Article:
As areas in Amherst regain power and students resume classes, the University of Massachusetts continues to give support to off-campus students without power. Many students were able to access free food and water, shower on-campus, recharge electronics and seek warm shelter within the University walls. According to a Western Massachusetts Electric Company official, power should be returning to all of Amherst by tonight.
Yesterday, a number of students without meal plans filed into the Dining Commons and received free meals.
Ken Toong, executive director of Auxiliary Enterprises, said the dining hall staff has been busy serving over 75,000 students and guests at the Dining Commons since Sunday.
“Offering free meals to students that are without a meal plan has been a great way to share our resources with those experiencing hardships during the aftermath of the weekend’s power outage; in addition it helps to build community, while providing comfort,” said Toong.
“The off-campus students that I talked to tonight overwhelmingly appreciate this kindness and are very grateful to join other students to dine at the DCs,” he continued.
According to Toong, as of 8 p.m. last night, the Dining Commons had served more than 3,500 “non-meal plan” students. Toong also said that he and his staff anticipate serving another 1,000 of these students before the night’s end.
Some students eating at the Dining Commons last night shared their perspectives about the free food.
“I think it’s awesome. I live off campus, so I don’t get this all the time,” said Vanessa Pini, a junior communication major. “I’ll definitely be coming every day until Friday.”
“I think it’s really dumb that we had classes when there were no gas stations open or bus lines running, and I just think they handled that really poorly,” said Pini, who lives on North Pleasant Street and was eating at Worcester Dining Commons last night. “But I think [the free meal] is a good effort.”
John Welch, a junior accounting major who lives in Sunderland, was eating at Worcester as well.
“It’s a good thing for them to do because there are definitely a lot of people who need it,” said John Welch, a junior accounting major living in Sunderland, who was also eating in the Worcester DC. “It’s great to have free food now, but it would have been great to have back when the power first went out. This was a great idea but it came after most people needed it.”
James Heilman, a political science grad student, was utilizing the free meals offered at Franklin. He said he was eating at the Dining Halls because he was still out of power and had run out of “dry food.”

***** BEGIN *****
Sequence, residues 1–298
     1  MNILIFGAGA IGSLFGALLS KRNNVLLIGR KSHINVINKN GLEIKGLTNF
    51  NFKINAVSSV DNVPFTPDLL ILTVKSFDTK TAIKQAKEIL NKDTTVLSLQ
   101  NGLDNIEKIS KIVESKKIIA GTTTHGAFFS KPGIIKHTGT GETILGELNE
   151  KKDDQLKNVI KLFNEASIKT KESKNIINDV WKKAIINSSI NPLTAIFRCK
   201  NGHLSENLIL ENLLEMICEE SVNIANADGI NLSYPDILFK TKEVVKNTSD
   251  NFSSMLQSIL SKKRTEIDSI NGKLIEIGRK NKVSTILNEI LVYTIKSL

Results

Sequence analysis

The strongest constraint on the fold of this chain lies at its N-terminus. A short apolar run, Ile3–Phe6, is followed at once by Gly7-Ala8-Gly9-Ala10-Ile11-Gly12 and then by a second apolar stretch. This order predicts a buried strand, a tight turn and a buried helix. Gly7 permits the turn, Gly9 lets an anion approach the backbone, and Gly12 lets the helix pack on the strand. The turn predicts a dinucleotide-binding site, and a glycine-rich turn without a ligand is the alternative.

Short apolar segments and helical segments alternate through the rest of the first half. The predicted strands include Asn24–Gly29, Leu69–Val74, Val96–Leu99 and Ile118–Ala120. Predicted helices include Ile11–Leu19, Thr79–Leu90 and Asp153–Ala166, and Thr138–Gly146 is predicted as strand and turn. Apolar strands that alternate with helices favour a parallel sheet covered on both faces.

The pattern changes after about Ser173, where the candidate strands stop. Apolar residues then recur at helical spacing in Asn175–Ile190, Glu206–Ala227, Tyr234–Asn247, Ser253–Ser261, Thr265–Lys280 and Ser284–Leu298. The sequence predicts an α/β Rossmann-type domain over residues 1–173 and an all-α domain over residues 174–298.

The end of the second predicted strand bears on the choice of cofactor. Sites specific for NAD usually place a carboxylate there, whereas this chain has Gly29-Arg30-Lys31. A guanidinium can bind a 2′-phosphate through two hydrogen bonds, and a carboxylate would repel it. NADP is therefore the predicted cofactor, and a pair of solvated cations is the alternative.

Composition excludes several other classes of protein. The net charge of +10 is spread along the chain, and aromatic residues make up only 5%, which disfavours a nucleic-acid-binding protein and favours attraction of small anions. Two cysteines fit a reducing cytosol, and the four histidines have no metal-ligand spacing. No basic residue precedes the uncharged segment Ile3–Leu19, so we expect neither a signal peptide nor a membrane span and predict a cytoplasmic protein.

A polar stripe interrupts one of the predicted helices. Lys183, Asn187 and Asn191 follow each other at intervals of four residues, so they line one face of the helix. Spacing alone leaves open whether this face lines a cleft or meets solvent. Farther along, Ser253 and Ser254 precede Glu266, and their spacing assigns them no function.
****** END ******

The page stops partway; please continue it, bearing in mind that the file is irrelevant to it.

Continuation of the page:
“It’s actually been really helpful. This is the second meal I’ve had here,” he said. “I don’t have power yet. I’m out of dry food. All my fridge food is now spoiled or on its way to being spoiled. So, I really appreciate this.”
“I’ve really appreciated the response,” he continued. “It’s great if you’re an undergrad living off campus and don’t have power it’s great that there’s somewhere you can go on campus.”
Although some residents in the area are still left without power, most of Amherst’s apartment complexes housing a majority of the off-campus population have regained power as of last night.
As of 11 p.m. yesterday, Brandywine Apartments, Townehouse of Amherst Condominiums, Puffton Village, Mill Valley Estates, Alpine Commons Apartments, Crestview Apartments, Aspen Chase Apartments, Rolling Green Apartments, Presidential Apartments, Colonial Village Apartments, The Boulders and Hobart Lane have each regained power as of last night.
Western Massachusetts Electric Company Spokeswoman Sandra Ahearn projected that all of Amherst would restore power by tonight, and she said most probably would before that. She said 2,900 customers, 29 percent of the town, still remain without power as of 8 p.m. yesterday. She said Amherst is ahead of Shutesbury, Leverett and Pelham in regaining electricity.
Clearing debris from the roads is a priority, according to Ahearn. She said there are many crews throughout Amherst working to clear the damage from fallen trees, giving the Amherst area priority over surrounding towns.